BACKGROUND: Hereditary angioedema (HAE) is a potentially life-threatening condition that affects approximately 1 in 50,000 persons. There are no known surveys of US physicians’ knowledge and experience regarding the epidemiology, diagnosis, and management of HAE.
OBJECTIVE: This survey of physicians treating patients with HAE assessed physician characteristics, diagnostic and treatment practices, factors that influence physician and patient treatment choices, and physician awareness of new therapies.
METHODS: From October 2009 to February 2010, physicians (N = 172) voluntarily completed an online survey developed by physician-investigators. Data were analyzed with descriptive statistics.
RESULTS: Most physicians (73.8%) managed 5 patients or fewer in diverse practice settings. Laboratory testing was considered most important in establishing a diagnosis. Fresh frozen plasma and C1 esterase inhibitors were the most frequently administered treatments for acute events; nearly 50% of respondents prescribed C1 esterase inhibitor for acute attacks. More than 80% of respondents prescribed androgens for long-term prophylaxis. Approximately half of respondents were aware of, and likely to use, new therapies for HAE. Other than efficacy, adverse effects were the most important factor that influenced physicians’ treatment recommendations, whereas physicians perceived that patients were most influenced by adverse effects and cost.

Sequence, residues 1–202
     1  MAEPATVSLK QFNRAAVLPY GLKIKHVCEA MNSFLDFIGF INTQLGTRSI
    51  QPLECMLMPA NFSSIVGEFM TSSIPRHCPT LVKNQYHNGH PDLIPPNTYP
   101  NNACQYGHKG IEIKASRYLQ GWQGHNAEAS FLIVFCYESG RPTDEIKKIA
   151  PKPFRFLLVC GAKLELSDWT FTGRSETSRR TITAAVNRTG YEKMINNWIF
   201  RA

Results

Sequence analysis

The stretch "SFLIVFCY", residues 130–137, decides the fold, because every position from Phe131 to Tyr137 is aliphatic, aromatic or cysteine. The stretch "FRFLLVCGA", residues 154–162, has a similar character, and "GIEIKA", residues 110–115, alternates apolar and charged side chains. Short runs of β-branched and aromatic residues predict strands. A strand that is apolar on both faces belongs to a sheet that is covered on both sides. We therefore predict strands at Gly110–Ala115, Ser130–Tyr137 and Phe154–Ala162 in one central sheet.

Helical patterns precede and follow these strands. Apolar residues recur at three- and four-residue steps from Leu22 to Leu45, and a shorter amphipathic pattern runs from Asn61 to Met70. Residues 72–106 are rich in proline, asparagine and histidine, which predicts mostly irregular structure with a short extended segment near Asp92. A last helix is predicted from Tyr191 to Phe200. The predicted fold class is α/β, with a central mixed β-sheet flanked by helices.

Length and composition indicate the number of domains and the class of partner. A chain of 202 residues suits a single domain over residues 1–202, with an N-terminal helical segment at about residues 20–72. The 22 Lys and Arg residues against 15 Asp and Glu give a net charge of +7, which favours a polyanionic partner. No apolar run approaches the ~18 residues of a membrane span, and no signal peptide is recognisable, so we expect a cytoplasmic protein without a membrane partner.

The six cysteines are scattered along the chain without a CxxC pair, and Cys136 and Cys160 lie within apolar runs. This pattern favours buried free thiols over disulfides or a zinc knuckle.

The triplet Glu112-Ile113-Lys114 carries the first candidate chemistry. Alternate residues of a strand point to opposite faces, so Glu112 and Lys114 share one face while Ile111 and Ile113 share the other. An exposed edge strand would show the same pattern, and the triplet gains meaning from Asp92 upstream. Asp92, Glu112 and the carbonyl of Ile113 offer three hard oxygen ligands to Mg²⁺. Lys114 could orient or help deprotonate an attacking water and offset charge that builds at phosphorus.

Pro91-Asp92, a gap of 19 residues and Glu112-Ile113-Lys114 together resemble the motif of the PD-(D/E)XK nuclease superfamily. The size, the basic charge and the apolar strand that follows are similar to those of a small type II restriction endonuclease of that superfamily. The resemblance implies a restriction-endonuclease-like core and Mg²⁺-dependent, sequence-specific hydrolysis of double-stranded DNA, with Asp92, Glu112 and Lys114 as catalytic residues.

CONCLUSIONS: Wide variability exists in the treatment of patients with HAE. Many patients experience acute attacks that require emergency care or hospitalization. Androgens and fresh frozen plasma are frequently used despite recent availability of effective condition-specific agents, and many physicians are only somewhat aware of medications newly approved by the US Food and Drug Administration. Because the survey was completed shortly after approval of additional HAE therapies by the US Food and Drug Administration, these data will be useful for tracking changes in HAE treatment over time.Copyright © 2011 American College of Allergy, Asthma & Immunology. Published by Elsevier Inc. All rights reserved.
Available from: http://www.annallergy.org/article/S1081-1206%2810%2901215-9/abstract